who, though so high in price,, has always
proven a paying investment, and now
seems to have become a permanent fix
ture of the Chautauqua Assemblies
throughout'the country, including Otta
wa, Kansas; Crete, Nebraska; Glen
Park, Colorado ; Monona Lake, Wiscon
sin ; Waseca, Minnesota, and the great
Lake Chautauqua, New York.
Strawberries by the box, crate or ton
at Joles Bros.
Among the School of Wsiwo.
Editor Chronicle : With your per
mission I will give yo l a few items, con
cerning the schools, from time to time
as I journey among them ; piaising what
I find to be good and making sugges
tions for improvement.
I am the more anxious to do this be
cause I believe that in no other way can
I more readily awaken an interest among
patrons. And this seems in many . dis
tricts to be the main thing that is lack
ing. , .'"'.''
The short trip I made last week was
not a very successfnl one, as will be seen
below, for out of eight schools visited I
found from one cause or another, only
four in session.
I left The Dalles, Wednesday coon
May 20th, and came to the Floyd school
No. 14, where Miss Lura Welch is teach
ing. This school is small, only .seven
scholars . being . present, some staying
away on account of sickness. Some of
the pupils here are well advanced. They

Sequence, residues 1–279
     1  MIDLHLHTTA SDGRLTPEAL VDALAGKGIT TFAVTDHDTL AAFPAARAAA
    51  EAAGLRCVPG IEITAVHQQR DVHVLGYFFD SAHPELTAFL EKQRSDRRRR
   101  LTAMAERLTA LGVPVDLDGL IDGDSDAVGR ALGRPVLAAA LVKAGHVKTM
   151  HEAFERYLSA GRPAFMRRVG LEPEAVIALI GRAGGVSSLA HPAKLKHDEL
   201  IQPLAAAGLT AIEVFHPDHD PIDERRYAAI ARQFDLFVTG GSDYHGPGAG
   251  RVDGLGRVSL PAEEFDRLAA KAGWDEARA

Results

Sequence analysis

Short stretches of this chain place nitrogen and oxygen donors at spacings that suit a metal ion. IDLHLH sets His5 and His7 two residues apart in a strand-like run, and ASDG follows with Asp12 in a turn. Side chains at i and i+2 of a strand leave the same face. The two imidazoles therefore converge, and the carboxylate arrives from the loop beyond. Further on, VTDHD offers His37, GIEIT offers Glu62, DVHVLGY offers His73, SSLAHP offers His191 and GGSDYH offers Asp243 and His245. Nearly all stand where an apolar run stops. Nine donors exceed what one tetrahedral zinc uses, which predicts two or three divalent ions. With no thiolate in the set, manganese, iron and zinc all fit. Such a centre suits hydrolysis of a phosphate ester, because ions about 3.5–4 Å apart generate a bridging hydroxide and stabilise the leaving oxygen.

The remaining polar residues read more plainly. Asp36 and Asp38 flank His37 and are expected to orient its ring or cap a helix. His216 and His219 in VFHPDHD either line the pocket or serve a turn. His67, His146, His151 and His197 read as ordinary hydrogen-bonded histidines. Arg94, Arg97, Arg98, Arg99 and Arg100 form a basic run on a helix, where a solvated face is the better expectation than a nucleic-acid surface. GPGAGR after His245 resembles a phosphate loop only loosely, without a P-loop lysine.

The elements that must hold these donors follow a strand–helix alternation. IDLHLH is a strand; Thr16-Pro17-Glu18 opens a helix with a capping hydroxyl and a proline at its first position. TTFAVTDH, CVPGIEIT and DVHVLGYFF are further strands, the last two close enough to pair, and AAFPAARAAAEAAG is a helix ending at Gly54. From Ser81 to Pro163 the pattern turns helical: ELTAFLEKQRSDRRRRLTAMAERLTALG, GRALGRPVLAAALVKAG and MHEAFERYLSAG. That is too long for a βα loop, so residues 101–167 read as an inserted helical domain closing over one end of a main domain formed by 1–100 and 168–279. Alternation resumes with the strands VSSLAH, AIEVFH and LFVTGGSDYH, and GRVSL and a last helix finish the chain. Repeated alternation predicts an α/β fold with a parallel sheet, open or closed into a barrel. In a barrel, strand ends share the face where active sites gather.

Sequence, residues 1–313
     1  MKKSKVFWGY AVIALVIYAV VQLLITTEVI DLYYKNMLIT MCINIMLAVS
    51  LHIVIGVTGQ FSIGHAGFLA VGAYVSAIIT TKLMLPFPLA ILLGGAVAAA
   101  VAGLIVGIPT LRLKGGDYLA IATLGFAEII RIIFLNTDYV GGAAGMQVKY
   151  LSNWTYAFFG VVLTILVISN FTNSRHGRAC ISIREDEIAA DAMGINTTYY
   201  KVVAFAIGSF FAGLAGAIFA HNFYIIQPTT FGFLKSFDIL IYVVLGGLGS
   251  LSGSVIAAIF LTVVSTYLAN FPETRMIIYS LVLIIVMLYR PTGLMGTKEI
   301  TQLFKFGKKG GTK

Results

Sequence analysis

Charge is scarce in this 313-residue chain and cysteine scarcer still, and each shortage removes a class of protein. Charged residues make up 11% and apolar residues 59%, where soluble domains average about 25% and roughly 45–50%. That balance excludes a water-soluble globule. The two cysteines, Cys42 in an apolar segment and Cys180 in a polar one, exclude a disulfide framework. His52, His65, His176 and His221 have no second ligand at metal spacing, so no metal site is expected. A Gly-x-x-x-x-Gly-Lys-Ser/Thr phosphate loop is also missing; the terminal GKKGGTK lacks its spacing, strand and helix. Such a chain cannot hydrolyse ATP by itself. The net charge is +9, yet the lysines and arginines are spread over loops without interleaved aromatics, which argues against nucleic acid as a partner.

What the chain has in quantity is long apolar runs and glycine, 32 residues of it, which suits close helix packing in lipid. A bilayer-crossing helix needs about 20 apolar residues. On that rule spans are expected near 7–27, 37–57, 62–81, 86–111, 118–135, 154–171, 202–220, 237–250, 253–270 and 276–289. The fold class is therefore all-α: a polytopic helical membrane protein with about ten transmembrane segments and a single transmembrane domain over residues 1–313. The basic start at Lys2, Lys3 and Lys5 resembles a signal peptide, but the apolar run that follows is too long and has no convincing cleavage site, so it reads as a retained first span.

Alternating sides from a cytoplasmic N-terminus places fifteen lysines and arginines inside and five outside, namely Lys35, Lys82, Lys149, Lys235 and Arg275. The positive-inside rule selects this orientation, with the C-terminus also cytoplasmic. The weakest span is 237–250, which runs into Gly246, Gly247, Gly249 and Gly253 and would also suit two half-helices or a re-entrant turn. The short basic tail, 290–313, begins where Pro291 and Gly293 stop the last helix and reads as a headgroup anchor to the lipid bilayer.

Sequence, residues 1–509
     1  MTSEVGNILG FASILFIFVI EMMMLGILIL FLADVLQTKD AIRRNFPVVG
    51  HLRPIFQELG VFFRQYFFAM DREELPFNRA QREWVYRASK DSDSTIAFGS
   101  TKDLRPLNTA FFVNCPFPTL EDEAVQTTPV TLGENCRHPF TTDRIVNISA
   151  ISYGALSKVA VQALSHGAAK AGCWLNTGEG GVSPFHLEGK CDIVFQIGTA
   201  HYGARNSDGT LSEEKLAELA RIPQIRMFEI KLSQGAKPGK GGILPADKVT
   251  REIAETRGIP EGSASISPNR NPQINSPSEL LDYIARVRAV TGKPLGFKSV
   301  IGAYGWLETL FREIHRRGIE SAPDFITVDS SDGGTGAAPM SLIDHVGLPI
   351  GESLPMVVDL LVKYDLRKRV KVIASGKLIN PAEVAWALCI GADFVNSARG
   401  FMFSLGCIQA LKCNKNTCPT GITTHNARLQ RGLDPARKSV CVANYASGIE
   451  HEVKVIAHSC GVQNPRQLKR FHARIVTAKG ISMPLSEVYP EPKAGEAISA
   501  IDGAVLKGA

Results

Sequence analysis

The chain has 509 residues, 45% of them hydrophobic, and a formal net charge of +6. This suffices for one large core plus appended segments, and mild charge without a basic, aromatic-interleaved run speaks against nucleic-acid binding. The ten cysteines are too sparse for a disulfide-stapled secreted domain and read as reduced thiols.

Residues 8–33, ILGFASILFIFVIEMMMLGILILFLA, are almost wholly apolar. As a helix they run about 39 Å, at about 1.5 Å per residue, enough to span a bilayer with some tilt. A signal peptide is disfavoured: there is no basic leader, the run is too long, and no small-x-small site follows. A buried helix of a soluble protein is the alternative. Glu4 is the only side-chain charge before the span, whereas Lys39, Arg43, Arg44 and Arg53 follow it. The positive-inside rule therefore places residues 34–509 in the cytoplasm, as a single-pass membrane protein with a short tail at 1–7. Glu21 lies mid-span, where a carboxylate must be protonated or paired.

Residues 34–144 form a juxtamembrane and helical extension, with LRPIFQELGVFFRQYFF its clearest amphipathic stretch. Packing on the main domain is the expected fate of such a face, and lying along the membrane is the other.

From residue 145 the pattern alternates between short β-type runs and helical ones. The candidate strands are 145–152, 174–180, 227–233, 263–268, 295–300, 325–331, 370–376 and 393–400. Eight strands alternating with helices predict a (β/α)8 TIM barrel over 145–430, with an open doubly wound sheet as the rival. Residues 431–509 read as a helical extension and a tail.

were just passing a written Examination
in history and physiology. It speaks
well for Miss Welch's teaching that hav
ing taught here last year, she is employed
again this year at an increase of salary.
How much is lost in many districts by
changing teachers so often. They have
a dictionary and a good globe here, but
need some .wall mxps. In this district,
I am thankful to say, there is no fussing
Went on to district No. 15 near -James
Fulton's. The school was not in session
but found a notice on -the door "Teacher
The next ; morning we visited the
school in No. 16, Miss Jeannette Graham
teacher.' She is a young teacher, but is
giving good satisfaction. Here we also
found just seven scholars. They have
Webster's unabridged dictionary, but no
other apparatus. Most of the scholars
conie on horseback. The house is small
and unfinished but a good coat of white
wash would brighten it up wonderfully.
From . here we went to the Johnson